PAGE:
The Tramways of
Havana (La Habana)
Ferro Carril Urbano de la Habana
Havana Electric Railway
see separate pages on the tramways of
Hershey Cuban Railway
This webpage is divided into two parts.
Part I covers the years between 1858 and 1928.
Part II considers the period from 1928 to 1952.
Part I: 1858-1928
The Cuban capital had one of the world's first street railways. The Ferro Carril Urbano de la Habana was chartered on 5 September 1857, began construction on 20 November 1857, and opened a horsecar line from the railroad station to the docks (Muelles) on 3 February 1858 [see map]. The first cars carried only freight - baggage and produce from nearby farms - but passenger vehicles were added on 20 September 1859. FCU had opened its first passenger line, to Carmelo, on 4 September 1859. Havana was the second city in Latin America to have a streetcar system, preceded only by Mexico City in January 1858. FCUH built passenger lines to Cerro and Jesús del Monte in 1862 and merged with a coach company to form the Empresa del Ferro-Carril Urbano y Omnibus de La Habana in 1863. By 1865 it was operating 32 passenger cars and 16 freight cars on 17 km of track. Here is a stock certificate [col. AM]:
[This illustration was reproduced on a stamp pane in 2004: see Cuban Tram Stamps.]
The tram in the drawing is the type built by Eaton Gilbert & Co. in Troy, New York, which supplied the equipment for many of Cuba's steam railroads and probably built the first cars for Mexico City. But otherwise no genuine illustrations have been found of the trams that ran in Havana in the 1850s and 60s. About 1870 FCUOH began ordering streetcars from the John Stephenson Co. in New York. The stereocard below shows a Stephenson car passing Tacón Market on Calzada de la Reina (Av. Simón Bolívar) [see map] about 1890 [col. AM]:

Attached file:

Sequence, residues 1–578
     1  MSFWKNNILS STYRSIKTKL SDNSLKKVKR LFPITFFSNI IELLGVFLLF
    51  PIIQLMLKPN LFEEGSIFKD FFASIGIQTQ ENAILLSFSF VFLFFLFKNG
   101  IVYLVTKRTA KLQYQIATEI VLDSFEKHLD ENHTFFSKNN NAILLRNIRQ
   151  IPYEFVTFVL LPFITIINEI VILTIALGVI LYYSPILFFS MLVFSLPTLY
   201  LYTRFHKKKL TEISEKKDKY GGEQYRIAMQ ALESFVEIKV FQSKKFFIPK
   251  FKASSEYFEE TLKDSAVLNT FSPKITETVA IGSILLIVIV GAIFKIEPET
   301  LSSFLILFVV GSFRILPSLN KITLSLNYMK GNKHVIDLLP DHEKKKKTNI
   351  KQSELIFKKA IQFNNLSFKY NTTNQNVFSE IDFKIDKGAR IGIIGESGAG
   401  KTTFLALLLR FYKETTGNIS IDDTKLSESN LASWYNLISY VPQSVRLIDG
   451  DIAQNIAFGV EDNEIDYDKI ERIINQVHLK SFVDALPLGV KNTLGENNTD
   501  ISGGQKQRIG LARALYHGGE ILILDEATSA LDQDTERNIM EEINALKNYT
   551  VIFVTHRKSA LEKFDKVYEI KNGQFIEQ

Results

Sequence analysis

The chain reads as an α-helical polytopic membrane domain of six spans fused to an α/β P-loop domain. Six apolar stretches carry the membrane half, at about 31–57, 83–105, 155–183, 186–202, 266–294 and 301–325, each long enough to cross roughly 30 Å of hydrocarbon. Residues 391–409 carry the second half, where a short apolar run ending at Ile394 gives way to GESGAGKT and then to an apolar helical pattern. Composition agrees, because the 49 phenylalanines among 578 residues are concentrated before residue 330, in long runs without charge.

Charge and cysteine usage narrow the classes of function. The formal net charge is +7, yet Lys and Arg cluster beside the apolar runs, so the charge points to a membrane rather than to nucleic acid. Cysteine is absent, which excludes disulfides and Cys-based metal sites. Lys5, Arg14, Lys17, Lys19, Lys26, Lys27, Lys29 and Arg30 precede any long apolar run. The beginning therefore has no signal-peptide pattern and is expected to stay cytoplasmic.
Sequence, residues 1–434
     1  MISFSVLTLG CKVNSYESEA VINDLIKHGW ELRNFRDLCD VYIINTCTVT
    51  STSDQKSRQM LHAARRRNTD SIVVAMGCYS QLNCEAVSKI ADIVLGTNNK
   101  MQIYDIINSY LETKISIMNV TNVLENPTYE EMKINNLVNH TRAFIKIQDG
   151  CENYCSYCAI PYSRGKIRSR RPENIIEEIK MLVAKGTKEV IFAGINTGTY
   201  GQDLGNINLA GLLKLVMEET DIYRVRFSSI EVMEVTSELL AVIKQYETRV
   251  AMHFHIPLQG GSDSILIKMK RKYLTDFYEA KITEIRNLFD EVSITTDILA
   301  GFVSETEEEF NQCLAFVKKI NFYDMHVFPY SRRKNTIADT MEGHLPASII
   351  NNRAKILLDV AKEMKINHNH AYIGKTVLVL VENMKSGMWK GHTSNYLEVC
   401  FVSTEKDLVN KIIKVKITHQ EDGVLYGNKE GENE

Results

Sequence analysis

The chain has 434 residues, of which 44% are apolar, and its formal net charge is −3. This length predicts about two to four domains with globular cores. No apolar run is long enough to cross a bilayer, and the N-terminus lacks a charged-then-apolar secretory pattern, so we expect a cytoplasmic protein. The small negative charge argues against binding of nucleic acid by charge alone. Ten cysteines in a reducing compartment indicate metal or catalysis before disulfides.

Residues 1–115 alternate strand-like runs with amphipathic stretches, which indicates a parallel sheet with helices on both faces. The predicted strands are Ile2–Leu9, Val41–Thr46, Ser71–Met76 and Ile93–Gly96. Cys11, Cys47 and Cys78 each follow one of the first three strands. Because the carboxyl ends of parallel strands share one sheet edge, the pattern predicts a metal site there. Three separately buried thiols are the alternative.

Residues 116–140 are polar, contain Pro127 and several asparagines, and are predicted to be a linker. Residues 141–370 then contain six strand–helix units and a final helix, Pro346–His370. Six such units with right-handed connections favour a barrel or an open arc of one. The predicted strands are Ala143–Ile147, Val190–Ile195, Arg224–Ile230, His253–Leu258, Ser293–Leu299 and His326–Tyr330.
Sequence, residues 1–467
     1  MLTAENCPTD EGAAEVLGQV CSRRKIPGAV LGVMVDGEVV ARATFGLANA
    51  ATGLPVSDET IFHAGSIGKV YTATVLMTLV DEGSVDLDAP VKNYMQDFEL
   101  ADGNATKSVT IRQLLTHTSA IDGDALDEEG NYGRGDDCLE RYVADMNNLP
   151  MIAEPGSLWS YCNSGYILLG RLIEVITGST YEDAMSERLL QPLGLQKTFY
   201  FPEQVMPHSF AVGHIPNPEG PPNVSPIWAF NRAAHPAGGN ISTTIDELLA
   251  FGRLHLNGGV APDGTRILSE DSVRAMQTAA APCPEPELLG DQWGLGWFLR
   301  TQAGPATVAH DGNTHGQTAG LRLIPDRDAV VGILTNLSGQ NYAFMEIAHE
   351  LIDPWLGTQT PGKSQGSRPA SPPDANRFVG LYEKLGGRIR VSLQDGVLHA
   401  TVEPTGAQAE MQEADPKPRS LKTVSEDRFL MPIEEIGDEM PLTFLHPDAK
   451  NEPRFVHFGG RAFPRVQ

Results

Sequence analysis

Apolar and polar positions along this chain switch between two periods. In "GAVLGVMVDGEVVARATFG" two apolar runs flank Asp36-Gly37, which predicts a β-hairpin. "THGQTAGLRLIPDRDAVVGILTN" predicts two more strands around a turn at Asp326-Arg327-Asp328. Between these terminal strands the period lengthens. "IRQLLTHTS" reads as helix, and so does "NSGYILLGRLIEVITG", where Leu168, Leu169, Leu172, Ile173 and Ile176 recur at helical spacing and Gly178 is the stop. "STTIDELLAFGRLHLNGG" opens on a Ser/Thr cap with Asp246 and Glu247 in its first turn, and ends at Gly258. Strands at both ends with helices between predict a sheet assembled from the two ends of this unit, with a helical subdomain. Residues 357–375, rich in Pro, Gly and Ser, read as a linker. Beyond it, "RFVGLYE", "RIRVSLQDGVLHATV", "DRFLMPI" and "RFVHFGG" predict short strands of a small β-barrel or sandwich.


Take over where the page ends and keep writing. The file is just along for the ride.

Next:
FCU also acquired large 8-wheel cars from Stephenson and a half-dozen steam locomotives from Baldwin, with which it replaced its horsecars on the Carmelo line in 1873 [see map] [from Harper's Weekly (New York), 6 May 1899, p. 450; courtesy Ken Fletcher]:
Streetcars on the other lines continued to be pulled by mules. FCU closed its Muelles (Docks) route because of congestion on the waterfront and built a new line to Castillo del Príncipe in 1882, but otherwise never enlarged its system - despite the fact that the city's population was approaching 300,000. In 1897 FCU secured permission to electrify its lines, but the plan was thwarted by Cuba's conflict with Spain. On 14 December 1898, two days after a treaty was signed in Paris that ended the Cuban-Spanish-American War, FCU sold its railway for 1,472,000 pesos to a syndicate of U.S., Canadian and French capitalists: 71 streetcars, 6 locomotives, 637 horses, 182 mules and 64 km of track. The foreigners gathered in New Jersey and formed the Havana Electric Railway Company on 7 January 1899.
HER began installation of an electric plant at once and on 4 April 1900 (a month after Cuba's first trolley system opened in Guanabacoa) ordered 110 single-truck electric cars from Jackson & Sharp Co. in Wilmington, Delaware, USA. This was one of the largest initial streetcar orders in history, anywhere. Here is a drawing of the J&S model for Havana. Note mounts for twin trolley poles [Street Railway Journal, New York, 4 August 1900, p. 725]:
The photo below shows one of the cars that J&S built for the Havana Electric Railway. It has General Electric motors and a McGuire model A-1 truck [col. AM, courtesy Roy Budmiger]: